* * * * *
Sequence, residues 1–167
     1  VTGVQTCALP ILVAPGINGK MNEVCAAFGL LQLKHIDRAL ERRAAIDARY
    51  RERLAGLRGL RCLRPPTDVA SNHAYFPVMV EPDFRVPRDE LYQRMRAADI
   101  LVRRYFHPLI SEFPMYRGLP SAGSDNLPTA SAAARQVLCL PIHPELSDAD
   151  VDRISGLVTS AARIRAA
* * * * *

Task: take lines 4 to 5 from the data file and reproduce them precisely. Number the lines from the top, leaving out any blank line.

   101  LVRRYFHPLI SEFPMYRGLP SAGSDNLPTA SAAARQVLCL PIHPELSDAD
   151  VDRISGLVTS AARIRAA